Of all the social media tools you have available to you, I think LinkedIn is the most valuable when it comes to your job search and finding an actual job. Not only can you use its search feature to look for people in your field and companies you might be interested in, but hiring managers and recruiters often use LinkedIn to look for people to fill their openings.
So I think one of the best things you can do for yourself is to create a strong LinkedIn profile. And I’m certainly not the first or last person to say that.
But something that not everyone will tell you is that you don’t need to add all the bells and whistles to your profile. Think of it as a simple, quickie targeted resume – an outline of your main titles and accomplishments that someone can browse quickly and that fits well with where you want to go next, and not where you’ve already been.
Some LinkedIn things you don’t need to worry about
I’ve seen people desperately trying to get tons of recommendations and endorsements and joining all kinds of groups, thinking that’s going to make their LinkedIn profile better. Well, maybe if you’re in a field like public relations it will help. Or if there is some picture you are trying to paint that you think will strengthen your chances. But for most people, you just don’t have to go that far.
People who know anything about LinkedIn (and that includes recruiters and hiring professionals) know that you can pad your profile by asking people to write you recommendations and endorse you all over the place; but that doesn’t make you a better candidate. In fact, it can even divert the focus from what you really want them to see – your skills and experience, as they relate to their needs.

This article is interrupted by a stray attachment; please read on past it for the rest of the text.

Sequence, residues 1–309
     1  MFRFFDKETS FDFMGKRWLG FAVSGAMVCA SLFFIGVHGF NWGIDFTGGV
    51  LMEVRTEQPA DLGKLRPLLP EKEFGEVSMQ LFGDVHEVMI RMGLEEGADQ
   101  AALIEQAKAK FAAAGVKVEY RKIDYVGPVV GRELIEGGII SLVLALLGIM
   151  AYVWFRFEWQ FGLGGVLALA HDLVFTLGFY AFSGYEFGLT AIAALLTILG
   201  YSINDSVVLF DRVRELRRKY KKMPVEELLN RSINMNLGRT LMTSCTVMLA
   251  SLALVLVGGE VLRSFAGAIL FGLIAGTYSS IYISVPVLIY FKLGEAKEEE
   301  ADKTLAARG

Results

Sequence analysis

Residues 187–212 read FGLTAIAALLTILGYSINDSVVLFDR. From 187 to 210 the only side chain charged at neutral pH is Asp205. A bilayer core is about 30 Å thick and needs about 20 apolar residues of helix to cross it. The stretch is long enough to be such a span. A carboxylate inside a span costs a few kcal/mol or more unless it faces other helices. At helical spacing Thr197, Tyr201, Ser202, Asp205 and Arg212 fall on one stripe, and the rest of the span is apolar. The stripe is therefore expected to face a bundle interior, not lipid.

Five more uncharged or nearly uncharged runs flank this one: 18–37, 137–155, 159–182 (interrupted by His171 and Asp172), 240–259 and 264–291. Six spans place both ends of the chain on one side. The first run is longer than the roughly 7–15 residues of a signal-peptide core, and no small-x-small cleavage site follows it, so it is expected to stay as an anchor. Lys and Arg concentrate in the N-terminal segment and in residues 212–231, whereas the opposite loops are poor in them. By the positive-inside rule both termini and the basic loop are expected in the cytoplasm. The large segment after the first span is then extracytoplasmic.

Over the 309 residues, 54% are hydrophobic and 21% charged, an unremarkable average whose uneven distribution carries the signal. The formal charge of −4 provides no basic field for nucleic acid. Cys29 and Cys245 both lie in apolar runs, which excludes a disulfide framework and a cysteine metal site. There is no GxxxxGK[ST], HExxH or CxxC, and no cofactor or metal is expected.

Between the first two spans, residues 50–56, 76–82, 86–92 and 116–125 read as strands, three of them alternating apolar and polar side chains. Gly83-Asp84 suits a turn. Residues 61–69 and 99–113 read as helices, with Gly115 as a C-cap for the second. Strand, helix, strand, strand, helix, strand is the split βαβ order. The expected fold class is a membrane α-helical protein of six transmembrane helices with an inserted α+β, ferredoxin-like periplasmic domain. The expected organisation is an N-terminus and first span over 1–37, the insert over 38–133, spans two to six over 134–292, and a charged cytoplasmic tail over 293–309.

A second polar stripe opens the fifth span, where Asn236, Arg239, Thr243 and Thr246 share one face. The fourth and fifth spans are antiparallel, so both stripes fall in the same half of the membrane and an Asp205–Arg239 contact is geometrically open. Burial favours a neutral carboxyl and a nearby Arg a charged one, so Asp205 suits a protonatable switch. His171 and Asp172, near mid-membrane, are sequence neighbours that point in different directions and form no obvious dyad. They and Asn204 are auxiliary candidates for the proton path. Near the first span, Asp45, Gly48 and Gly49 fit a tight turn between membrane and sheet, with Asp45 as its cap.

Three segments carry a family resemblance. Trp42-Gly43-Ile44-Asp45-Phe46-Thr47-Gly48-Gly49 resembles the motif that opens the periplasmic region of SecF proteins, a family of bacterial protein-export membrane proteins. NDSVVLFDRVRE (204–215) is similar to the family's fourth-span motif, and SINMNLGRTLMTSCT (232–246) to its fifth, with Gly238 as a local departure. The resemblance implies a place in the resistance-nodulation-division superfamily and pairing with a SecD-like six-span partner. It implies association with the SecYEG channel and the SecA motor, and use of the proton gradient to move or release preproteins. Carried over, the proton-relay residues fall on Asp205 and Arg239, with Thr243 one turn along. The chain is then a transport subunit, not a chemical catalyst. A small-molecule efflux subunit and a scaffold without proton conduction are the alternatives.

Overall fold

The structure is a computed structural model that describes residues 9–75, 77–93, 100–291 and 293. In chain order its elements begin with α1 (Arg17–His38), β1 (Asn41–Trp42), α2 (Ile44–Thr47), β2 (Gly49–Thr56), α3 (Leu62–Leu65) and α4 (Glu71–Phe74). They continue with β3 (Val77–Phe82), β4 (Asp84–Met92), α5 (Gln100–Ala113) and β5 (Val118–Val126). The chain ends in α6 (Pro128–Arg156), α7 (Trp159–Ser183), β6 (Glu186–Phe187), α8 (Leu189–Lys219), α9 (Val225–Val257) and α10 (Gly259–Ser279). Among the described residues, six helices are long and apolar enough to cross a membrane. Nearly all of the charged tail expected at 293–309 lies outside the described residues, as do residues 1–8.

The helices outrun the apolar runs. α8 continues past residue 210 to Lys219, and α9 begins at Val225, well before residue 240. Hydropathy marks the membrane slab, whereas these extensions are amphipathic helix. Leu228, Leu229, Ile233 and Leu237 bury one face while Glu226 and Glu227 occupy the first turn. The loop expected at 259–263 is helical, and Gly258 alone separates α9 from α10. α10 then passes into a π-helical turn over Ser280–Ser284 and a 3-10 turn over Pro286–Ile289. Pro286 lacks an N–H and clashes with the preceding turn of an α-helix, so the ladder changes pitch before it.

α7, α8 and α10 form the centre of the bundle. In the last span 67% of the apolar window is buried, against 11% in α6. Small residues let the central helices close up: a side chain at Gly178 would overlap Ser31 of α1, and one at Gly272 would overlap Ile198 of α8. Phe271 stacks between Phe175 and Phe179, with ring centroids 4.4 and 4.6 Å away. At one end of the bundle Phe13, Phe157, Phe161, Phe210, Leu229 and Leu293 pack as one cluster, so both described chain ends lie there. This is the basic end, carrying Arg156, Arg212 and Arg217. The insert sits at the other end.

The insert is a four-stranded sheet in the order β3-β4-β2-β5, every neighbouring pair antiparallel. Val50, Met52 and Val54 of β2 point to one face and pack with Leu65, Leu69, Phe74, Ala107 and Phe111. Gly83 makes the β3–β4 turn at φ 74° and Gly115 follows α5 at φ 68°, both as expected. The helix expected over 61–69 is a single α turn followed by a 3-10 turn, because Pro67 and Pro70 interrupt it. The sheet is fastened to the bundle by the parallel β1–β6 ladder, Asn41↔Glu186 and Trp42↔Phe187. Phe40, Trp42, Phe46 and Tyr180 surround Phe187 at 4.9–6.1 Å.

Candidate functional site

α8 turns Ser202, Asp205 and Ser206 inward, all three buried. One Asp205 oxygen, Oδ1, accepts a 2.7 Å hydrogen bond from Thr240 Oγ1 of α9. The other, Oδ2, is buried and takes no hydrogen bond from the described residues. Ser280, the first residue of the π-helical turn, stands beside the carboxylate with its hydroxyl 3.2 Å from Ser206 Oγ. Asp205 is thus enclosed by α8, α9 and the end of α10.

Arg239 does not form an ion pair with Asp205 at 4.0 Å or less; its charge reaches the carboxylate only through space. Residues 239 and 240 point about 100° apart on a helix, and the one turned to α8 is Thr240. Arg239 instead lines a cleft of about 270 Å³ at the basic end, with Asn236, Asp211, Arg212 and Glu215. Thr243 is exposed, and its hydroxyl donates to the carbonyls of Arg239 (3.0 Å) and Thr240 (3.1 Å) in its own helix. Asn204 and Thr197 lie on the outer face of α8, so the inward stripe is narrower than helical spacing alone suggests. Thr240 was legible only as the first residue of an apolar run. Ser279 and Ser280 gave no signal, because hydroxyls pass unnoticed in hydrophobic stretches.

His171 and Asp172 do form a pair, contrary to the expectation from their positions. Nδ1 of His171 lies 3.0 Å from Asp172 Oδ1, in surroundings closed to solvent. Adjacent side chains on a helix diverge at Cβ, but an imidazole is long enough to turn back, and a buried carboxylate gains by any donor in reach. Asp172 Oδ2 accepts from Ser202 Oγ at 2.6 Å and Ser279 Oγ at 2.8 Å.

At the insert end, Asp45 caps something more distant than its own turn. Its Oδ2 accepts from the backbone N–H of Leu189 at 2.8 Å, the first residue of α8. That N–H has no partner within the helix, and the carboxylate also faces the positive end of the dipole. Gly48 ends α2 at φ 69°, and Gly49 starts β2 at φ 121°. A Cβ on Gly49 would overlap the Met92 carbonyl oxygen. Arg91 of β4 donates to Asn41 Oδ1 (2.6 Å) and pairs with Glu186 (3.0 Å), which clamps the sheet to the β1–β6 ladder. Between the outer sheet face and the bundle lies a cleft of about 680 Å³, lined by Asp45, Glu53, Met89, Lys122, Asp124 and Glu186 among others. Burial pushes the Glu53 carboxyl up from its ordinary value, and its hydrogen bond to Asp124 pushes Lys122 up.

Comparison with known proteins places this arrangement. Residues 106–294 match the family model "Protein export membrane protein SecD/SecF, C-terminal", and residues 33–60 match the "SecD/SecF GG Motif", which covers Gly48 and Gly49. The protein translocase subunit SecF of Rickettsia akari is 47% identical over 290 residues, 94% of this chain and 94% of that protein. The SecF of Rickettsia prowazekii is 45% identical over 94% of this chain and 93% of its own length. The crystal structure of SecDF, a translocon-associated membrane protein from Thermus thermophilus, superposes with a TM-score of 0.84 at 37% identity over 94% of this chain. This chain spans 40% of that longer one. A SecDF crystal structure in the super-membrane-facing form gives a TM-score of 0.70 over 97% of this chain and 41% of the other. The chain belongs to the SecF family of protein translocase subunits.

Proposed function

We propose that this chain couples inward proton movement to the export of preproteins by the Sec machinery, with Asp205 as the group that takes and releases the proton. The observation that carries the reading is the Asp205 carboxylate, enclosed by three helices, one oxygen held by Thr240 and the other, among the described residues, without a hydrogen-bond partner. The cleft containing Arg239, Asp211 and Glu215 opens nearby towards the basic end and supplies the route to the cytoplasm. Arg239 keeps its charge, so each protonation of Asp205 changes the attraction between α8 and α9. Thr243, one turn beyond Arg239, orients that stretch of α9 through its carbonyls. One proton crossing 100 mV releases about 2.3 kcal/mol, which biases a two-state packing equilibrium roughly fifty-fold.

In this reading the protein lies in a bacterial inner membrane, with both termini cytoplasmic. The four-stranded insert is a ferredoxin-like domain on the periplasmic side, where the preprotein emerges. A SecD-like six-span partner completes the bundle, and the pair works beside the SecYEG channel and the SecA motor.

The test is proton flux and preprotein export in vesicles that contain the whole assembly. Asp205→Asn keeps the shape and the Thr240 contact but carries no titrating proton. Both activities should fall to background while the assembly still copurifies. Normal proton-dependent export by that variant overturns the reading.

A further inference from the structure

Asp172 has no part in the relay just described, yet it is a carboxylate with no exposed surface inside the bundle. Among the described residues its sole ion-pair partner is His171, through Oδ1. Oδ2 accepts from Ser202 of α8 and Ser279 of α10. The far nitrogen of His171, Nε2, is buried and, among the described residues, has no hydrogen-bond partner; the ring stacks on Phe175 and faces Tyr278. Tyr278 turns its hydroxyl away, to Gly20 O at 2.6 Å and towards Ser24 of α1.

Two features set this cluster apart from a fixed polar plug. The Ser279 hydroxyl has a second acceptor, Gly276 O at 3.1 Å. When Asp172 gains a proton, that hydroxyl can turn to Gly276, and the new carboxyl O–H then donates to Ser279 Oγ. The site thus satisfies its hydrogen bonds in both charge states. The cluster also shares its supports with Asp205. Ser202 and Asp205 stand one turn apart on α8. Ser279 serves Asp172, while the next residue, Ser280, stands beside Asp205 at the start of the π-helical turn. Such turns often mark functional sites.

What does matter on LinkedIn
To help employers find you, make sure to create a well-written profile with a strong profile title, job titles, experience statements (plus Skills & Expertise) that contain keywords that relate directly to your field and desired position. Look at other LinkedIn profiles or go to a job search engine (like Monster, Indeed, Careerbuilder) and see what keywords are used in job listings that you might want.
I know someone who got a great manager job at one of the top entertainment companies – and she had ZERO recommendations and endorsements on LinkedIn. What she did have was the experience they were looking for, and she made sure she used keywords in her profile that helped them know it. She also had an easy-to-follow impressive history of progressive experience in her field. Plus a clear-eyed, smiling picture that can make a big difference.
In effect, she had a quickie resume, and I don’t think you need much more than that, unless your particular field would benefit from embellishing beyond the basics. Or, if you have some spectacular recommendations that you think will make a difference. I leave that to you to decide. I just want you to know that it is not a deal-breaker not to have them. And that having them is no guarantee you will get any farther than just the basics would get you.
But then again, in this world of you never know, if you think it might help – and doesn’t divert from the quickie targeted resume you’re creating – by all means do what feels right. Just remember that more sometimes can be less.